- Slides: 45
The impact and management of biotech on developing countries David Zilberman, University of California Gregory Graff, University of California Matin Qaim, University of Bonn Cherisa Yarkin, University of California
Presumed Points of Failure 1. Productivity: Biotechnology aims to solve problems of the North; will not make a difference in the South. 2. Access: Biotechnology is controlled by corporations; will not be accessible on feasible terms to poor peasants. 3. Risks: Damage to environment and human health, contamination of native genetic materials, and loss of crop biodiversity
Ag biotech and development Ag biotech was developed in the north, with application to crop and varieties of developed countries It mostly served to reduce pesticides use and improve profitability. Is the first generation of biotech appropriate to developing countries -will it increase yields? How will it affect crop biodiversity? We will address these issues here
Theory: Impacts of ag biotechnology vary The impacts of ag biotechnology on yield depends on where it is applied How it is applied What was used before The management of the crop before and with biotech depend on socio economic situations and institutional arrangement associate with biotechnology Two important factor The extent of use of chemicals The varieties that are being modified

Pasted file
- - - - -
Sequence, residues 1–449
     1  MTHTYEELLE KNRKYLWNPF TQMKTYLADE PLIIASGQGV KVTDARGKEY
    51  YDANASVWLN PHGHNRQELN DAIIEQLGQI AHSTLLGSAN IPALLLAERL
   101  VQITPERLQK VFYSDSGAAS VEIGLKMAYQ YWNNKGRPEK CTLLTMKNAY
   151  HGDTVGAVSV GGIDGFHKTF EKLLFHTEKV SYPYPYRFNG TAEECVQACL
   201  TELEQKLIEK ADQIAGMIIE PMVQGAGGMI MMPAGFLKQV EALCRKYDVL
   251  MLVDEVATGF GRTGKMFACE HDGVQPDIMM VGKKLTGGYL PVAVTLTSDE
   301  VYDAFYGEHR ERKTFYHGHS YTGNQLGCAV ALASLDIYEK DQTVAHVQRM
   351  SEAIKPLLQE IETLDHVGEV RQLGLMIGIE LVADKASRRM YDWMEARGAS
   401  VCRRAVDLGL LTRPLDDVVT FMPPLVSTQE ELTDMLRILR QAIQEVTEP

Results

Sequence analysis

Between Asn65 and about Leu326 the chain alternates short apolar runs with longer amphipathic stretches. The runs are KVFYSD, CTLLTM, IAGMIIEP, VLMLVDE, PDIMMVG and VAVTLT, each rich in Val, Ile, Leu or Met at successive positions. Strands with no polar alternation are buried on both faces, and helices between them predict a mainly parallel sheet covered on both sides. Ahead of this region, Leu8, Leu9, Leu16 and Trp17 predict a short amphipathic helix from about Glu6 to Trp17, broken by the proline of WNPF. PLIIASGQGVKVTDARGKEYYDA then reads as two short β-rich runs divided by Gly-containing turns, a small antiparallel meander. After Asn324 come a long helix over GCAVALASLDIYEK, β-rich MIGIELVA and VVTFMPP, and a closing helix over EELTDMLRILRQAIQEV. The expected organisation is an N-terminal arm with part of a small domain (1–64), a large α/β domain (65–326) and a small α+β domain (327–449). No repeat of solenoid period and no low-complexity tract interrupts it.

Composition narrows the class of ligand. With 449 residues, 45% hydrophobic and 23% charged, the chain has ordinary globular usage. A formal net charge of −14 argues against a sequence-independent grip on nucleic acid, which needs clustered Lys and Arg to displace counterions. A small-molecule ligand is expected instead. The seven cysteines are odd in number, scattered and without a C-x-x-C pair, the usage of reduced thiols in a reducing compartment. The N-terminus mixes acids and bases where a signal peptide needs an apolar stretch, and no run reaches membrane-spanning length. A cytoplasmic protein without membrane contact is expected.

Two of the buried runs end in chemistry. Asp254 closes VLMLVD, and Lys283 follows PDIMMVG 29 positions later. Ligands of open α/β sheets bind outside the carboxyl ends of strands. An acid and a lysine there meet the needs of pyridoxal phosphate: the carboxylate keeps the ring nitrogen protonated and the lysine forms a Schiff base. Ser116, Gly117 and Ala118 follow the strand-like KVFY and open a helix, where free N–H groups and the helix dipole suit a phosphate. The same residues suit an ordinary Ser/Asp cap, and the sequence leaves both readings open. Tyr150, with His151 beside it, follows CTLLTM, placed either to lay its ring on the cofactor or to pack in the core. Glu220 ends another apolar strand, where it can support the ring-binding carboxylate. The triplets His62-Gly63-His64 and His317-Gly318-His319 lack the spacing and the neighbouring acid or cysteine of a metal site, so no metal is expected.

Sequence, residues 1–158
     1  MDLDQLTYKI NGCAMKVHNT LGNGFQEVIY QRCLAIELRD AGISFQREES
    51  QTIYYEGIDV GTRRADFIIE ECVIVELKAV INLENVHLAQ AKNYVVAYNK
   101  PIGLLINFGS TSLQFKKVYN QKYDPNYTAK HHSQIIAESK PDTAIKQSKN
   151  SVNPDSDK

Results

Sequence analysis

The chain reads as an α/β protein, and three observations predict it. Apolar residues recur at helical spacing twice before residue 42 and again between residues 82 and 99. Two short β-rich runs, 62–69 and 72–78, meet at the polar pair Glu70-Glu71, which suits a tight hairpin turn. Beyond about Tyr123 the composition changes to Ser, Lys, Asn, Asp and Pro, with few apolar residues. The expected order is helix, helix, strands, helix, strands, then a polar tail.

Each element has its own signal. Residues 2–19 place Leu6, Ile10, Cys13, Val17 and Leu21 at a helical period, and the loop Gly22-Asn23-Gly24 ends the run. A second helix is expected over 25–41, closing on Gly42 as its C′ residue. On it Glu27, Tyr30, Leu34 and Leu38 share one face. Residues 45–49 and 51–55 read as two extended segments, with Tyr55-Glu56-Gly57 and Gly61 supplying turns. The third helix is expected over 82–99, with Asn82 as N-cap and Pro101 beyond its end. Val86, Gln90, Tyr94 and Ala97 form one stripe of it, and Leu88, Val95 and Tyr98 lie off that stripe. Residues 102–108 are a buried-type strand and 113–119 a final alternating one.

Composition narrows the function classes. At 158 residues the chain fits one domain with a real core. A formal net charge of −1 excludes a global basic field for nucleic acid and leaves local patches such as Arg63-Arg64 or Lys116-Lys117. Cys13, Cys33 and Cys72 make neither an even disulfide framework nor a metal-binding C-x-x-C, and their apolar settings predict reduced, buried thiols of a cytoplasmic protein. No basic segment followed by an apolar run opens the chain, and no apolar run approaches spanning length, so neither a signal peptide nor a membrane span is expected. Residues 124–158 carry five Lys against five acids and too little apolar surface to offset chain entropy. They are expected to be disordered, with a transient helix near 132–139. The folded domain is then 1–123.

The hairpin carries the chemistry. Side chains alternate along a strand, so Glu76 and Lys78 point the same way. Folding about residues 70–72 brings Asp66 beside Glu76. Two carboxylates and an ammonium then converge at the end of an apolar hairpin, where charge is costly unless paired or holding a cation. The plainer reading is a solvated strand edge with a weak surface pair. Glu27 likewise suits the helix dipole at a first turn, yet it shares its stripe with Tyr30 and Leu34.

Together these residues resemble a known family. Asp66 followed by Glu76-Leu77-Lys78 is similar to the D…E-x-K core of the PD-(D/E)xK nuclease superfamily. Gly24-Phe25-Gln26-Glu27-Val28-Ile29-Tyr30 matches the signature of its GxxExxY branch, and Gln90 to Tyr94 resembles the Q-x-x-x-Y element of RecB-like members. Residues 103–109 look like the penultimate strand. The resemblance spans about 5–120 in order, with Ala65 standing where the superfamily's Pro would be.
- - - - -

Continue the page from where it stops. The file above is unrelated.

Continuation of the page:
Productivity: Yield-Increasing Potential Yield = potential output x (1 - damage) damage = f (pest, pest control) Combination of high pest pressure and minimal existing use of pest control potential for yieldincreasing effect Attractive features of pest-control agricultural biotechnologies Simplicity of use Reduction in use of chemicals or labor Expansion of weather conditions where crop grow
Technology, variety changes and yield effect Adoption of GMO may entail a switch from local variety to generic variety This switch may reduce yields Yield gain =Reduction of pest damage of generic variety - Difference in net yield between traditional and generic
Example 1 Potential yield local variety =4 ton/ hectare Potential Yield generic variety 3 tons/ hectare Damage 50% Bt reduce damage by 100% Yield effect of modified local variety 4 - 4*(1 -. 5) = 2 Yield effect of generic variety 3 - 2 = 1